“Yes. It sure is,” Chance knelt down and, brushing the snowflakes from her hair, pulled the hat back over her head. “Now your ears won’t freeze off Leila,” he pulled her into a hug.

Leila wrapped her arms as far as she could get them around his back and squeezed tightly, burying her face in his chest with a contented little sigh. He pressed his face down against her head and shut his eyes. The snow fell gently down around them, creating a beautiful picture in stark contrast with the ugliness and darkness of the city.

These two were best friends. The bond between them beat fiercely in both their hearts. No other child in the city knew what it was. They all loved Chance, but none had come this close. Everyone wondered when they saw the two together. The age difference between them seemed non-existent in their minds. She had knowledge beyond her years and wasn’t Chance still a child at heart? With her he could try to live some of the innocent childhood that was stolen from him.

At last their arms loosened around each other and she raised her head. He smiled at her. “Are you alright tonight Chance?” she asked softly.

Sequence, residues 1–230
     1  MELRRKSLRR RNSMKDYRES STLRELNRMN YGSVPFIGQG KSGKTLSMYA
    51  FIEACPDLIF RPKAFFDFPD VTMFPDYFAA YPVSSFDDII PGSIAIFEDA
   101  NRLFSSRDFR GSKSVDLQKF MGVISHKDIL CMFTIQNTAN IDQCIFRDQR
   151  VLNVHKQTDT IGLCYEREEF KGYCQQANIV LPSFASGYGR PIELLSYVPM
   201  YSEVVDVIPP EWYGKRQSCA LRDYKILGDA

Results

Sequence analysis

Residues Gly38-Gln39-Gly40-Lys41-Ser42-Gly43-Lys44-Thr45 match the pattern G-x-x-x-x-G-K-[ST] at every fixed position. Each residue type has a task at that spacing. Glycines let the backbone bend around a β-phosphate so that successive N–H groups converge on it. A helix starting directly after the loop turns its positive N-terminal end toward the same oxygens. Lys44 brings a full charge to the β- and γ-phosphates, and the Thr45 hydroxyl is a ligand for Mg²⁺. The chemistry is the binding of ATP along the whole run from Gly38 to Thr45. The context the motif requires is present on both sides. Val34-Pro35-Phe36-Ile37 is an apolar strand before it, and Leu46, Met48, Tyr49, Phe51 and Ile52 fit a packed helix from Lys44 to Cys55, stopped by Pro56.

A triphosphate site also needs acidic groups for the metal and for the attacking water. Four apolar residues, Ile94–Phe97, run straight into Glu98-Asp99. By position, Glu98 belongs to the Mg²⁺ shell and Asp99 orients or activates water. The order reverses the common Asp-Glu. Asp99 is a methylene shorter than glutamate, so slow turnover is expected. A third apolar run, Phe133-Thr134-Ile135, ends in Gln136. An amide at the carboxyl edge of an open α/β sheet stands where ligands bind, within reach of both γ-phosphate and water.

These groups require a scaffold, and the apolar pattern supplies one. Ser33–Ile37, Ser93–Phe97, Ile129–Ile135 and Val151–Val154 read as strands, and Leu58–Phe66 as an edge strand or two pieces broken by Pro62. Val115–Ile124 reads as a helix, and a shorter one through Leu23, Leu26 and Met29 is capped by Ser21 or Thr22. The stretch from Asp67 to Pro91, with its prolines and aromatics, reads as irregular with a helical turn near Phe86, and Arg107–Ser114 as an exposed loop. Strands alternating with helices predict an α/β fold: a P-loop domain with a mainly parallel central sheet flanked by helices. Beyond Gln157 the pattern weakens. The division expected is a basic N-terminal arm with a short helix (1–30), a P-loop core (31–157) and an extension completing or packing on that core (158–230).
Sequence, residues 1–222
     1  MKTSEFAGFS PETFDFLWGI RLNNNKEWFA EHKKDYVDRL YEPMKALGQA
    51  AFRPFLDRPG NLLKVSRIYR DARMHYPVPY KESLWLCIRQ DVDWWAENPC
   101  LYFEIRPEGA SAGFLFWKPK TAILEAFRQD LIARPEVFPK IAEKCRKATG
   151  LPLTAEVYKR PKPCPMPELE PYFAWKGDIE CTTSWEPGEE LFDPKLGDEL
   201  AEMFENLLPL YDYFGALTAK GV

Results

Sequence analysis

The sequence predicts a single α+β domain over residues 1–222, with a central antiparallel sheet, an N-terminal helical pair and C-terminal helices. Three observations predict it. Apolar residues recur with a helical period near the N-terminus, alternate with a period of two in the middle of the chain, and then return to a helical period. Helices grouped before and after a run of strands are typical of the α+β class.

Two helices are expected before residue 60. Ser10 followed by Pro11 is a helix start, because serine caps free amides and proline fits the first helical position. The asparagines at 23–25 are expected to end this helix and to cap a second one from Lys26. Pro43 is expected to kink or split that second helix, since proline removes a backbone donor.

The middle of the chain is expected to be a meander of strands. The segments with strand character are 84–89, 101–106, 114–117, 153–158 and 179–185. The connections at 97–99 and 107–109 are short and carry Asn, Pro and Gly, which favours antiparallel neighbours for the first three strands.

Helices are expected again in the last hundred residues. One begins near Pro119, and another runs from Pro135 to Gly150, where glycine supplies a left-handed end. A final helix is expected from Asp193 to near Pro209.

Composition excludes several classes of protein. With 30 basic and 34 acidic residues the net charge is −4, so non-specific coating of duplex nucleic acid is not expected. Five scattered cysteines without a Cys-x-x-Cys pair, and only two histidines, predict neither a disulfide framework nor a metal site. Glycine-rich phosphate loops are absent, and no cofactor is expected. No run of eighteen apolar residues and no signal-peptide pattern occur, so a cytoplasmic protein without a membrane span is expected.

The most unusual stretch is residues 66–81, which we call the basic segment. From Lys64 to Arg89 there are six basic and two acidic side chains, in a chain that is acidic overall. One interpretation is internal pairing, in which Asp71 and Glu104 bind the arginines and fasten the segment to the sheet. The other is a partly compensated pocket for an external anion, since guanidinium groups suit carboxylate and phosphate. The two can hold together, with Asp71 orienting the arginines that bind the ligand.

“Yeah. I’m alright. Come on inside. It’s cold out here,”

He stood up. She slipped her hand into his and squeezed it tightly as he let her inside and shut the door. As she saw the candle, she let go of his hands and ran to it. She cupped her hands around the tiny flame. He went to her side and gazed with her. She smiled at the little candle and looked up at Chance.

“Even though he’s so small he’s so brave out here in the cold.” She said softly

“Just like you,” Chance whispered

She looked up at him, a lovely smile flashing across her face. “Really?”

Chance nodded, returning her smile.

The slight glow of bashfulness and pleasure dyed her cheeks, “Sometimes it’s hard to be brave, Chance. But when I see this candle shining in your window it helps me.”

“Me too,” he sat down on the old chair in front of the window.

“It helps me be brave because I know you’re here. I see your hand shield it from the cold and it reminds me how much you love me.” she sighed “It helps me not think about what’s been making me afraid,”

“What’s that?”

“Lots of stuff,” she said evasively as she climbed into his lap and laid her head against his shoulder. Her eyes held a very serious look as they fixed on the little candle.